General Question

MrGV's avatar

If I were to be paid by only cash, how would I prove my income?

Asked by MrGV (4126 points ) February 24th, 2010

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14 Answers

grumpyfish's avatar

You mean for, e.g., getting a loan?

If you’re getting paid cash, above the table, you should be getting a 1099, which works as proof of income.

MrGV's avatar

Yeah, I’m trying to move into an apartment that requires a proof of income..THANKS!

DarkScribe's avatar

If you have no tax records then you probably cannot provide proof of income.

JLeslie's avatar

Tax records. If you are working under the table, you can’t prove income. If it is above the table @grumpyfish is right, you would get a 1099, and/or your employer might be able to write up something for you. Your apartment might let you pay 6 months up front if you cannot prove income.

grumpyfish's avatar

Additionally, most apartments will accept an employment contract as proof of income.

john65pennington's avatar

Generally, no one pays a salary in cash, unless they have something to hide.

Being paid “under the table” is a federal income tax violation.

grumpyfish's avatar

@john65pennington Generally no, but some industries do pay in cash b/c of a history of bad finances (i.e., fear of getting a bad check). Doesn’t happen much now, but still occasionally comes up.

It’s also possible to get paid cash from lots of individual sources, that is, if I were an independent plumber who mostly got paid in cash. If the individual payments were under some amount (I think $500, maybe $800), they wouldn’t be required to give me a 1099. I would be required to file income taxes on that money.

Which, @MrGeneVan, is another way to prove income—e.g., last two year’s tax filings.

CMaz's avatar

If it is under the table. You don’t or you will have to pay tax, most likely with penalties.

And, the person that was paying you could also get into “trouble” for not reporting your income.

CyanoticWasp's avatar

If you’re being paid in cash and it’s legitimate, then you’re still getting a weekly wage statement, W2 at the end of the year, etc. I used to make a cash payroll (my last one was in 1977), and I can assure you that every man on the job received the exact amount of cash due… and a slip showing his gross and every deduction for taxes, FICA, H&W, union dues, etc. I also wrote the checks each month to the union H&W and Pension funds. (FICA, state and federal taxes were paid from the home office.)

BoBo1946's avatar

Barbers work this way (mostly)....paid in cash! But, the IRS are very good at estimating their income.

susanc's avatar

If you aren’t trying to hide your income with the right hand while the left hand wonders how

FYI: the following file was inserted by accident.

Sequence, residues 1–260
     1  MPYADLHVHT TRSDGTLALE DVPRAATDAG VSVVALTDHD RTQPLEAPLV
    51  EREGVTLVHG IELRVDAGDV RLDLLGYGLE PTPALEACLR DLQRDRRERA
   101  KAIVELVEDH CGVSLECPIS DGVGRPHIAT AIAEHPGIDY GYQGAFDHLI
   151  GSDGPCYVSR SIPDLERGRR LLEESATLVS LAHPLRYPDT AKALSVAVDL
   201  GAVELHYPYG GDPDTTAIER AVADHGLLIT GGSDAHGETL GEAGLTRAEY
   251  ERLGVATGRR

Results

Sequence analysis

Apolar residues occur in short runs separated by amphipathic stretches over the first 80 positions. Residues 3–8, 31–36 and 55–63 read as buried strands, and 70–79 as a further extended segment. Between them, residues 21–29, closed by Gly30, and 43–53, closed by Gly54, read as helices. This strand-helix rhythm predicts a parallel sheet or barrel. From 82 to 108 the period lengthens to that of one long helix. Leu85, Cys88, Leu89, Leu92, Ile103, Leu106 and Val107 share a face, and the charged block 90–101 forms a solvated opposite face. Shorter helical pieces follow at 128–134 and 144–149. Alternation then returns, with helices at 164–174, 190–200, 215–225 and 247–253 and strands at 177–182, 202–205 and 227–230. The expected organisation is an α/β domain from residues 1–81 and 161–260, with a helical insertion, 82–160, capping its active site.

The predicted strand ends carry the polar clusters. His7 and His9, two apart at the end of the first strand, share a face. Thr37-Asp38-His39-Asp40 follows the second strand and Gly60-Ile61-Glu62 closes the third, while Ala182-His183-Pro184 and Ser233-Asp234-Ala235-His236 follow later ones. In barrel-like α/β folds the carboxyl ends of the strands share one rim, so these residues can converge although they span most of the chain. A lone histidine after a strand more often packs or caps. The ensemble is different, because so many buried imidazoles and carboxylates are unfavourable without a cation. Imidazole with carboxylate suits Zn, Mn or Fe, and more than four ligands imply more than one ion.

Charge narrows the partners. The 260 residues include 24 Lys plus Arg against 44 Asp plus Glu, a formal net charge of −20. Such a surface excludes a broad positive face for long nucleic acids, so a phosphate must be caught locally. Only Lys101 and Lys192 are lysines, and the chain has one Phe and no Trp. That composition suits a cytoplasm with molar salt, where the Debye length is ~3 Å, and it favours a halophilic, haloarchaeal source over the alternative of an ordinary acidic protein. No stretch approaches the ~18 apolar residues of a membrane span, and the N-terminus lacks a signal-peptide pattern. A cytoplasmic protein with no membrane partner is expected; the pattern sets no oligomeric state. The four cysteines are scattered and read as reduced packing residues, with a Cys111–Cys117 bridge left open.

to prove you have it, call the IRS and ask them what to do.

semblance's avatar

I am an attorney. Besides having a regular law degree I also have a Masters of Law in Taxation. Do not take this as creating an attorney-client relationship. However, you may find my opinion helpful.

If you are not getting meangingful answers here, the trouble with your question as phrased. When you say you are only paid in cash, are you talking about steady employment or, instead, are you someone who does work for various people and are paid in cash.

Most of the other posters are assuming that you have a regular job with one employer. If so, it would be unusual for your employer to pay you cash, but even if your employer did so, there should be a Form W-2 (not a 1099) stating your wages, the amounts withheld for taxes, etc. That could be used to prove income. If you are getting paid “under the table”, that would be a tax violation for your employer and you. Also, as others have pointed out, it would be difficult for you to prove your income for something like qualifying for a loan.

However, for all I know, you may just be providing services to various persons for cash. Just this morning I paid the farrier who put shoes on my horses. Last year I hired several people who were out of work to help me with various projects on my property. These were working as independent contractors, not employees. As a private individual, hiring services not related to my business, I was not obligated to withhold anything from the income of any of these people nor was I obligated to give them a Form W-2 or Form 1099. It is up to them to report their income.

If you are in business for yourself, giving services to various persons, you need to set up a system for keeping good records of cash receipts and bank deposits. Any certified public accountant can help you with that. You can then report taxable income, business deductions, make quarterly tax payments, and establish a legitimate and credible income history which can be used for other purposes, like applying for a loan, credit card, or renting an apartment.

solowthe1's avatar

I am a taxi driver. I make most of my money by tips. I was trying to rent a flat screen for my house for football sunday and I needed to prove the cash income I made with tips. I found a website called www.provemyincome.350.com that helped me prove my cash income.

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